Don’t Let Mold-Testing Fears Prevent You From Having a Healthier Home
I get it. Mold testing can be scary. Well, actually, I get that the testing itself is not the scary part. The results or the potential results and what they could possibly mean for your living situation, the well-being of your family—both emotionally and financially, and the future of your health are what’s scary. But, today I want to reassure you that fears of the unknown or worst-case scenarios should NOT deter you from testing and from continuing to test your home for mold. This is because when mold and your health are concerned, ignorance can be far from bliss. The continual exposure to mold can eventually take such a toll on your body that your symptoms will no longer allow you to ignore it and you’ll be forced to act. For mold-sensitive children, the effects could last a lifetime. To help you avoid such situations, I want to explain, with a real-world example from a reader, exactly how testing for mold and continually knowing what is going on in your home in terms of mold can be extremely helpful and beneficial to your peace of mind and health.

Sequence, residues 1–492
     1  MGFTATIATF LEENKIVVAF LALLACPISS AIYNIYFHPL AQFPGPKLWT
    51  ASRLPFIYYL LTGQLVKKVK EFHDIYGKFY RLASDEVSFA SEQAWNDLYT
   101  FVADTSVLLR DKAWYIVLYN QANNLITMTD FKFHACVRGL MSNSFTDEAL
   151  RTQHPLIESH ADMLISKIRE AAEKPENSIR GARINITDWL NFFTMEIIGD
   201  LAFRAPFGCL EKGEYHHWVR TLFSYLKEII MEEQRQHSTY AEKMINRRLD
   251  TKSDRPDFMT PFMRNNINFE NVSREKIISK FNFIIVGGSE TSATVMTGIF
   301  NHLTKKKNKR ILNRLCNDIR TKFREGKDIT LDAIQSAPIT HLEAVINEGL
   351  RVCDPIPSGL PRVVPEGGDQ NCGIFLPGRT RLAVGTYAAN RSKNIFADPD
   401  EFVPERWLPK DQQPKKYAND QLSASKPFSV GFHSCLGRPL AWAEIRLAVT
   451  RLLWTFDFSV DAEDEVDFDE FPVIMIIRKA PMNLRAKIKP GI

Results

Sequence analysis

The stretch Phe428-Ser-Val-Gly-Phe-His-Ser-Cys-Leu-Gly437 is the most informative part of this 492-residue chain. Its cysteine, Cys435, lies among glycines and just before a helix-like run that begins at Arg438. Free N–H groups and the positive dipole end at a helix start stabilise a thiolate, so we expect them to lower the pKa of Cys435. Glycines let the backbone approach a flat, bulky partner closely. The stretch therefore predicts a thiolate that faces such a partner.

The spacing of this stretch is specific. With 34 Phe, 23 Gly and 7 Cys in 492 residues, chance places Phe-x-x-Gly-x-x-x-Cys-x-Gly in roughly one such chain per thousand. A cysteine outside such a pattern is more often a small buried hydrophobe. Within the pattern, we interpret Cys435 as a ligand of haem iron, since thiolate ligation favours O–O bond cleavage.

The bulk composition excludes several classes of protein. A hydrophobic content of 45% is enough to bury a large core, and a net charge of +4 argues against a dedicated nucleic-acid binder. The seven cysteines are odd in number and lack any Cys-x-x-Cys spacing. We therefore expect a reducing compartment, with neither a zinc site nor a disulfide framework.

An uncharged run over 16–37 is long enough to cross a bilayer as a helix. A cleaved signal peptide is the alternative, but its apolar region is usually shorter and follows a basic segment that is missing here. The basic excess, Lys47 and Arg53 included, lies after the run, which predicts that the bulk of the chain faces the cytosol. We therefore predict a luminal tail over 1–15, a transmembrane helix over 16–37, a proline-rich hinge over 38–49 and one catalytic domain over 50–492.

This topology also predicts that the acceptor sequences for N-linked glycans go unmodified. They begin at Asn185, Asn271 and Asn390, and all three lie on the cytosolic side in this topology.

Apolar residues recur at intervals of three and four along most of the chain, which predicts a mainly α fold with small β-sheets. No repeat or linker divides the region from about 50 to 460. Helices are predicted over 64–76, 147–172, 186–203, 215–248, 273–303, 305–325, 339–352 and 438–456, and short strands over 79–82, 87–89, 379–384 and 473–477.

Do any of the following scenarios sound like you?
- You are finally to the point when your health symptoms make you suspect mold in your home or indoor environment, and you want to test.
- You have obvious high indoor humidity, musty odors, visible mold growth, or had a known leak, a wicked storm, or a water incident that lead you to want to test your home for elevated levels of mold spores or growth.
- This isn’t your first rodeo, as they say, and you have done some remediation work yourself or had your home professionally remediated and are re-testing to make sure that all of the work to eliminate the mold is working.
Whatever the case, you decide to mold test your home, and await the results. This waiting time is when all of the “what ifs” start invading your mind: What if the tests come back showing that my house is moldy? Is it safe to stay in? Will I have to leave my home and all my things? What if I can’t afford to fix the problem? What if I have to leave my home? Where would I/we go? What if the “the fix” attempted doesn’t work?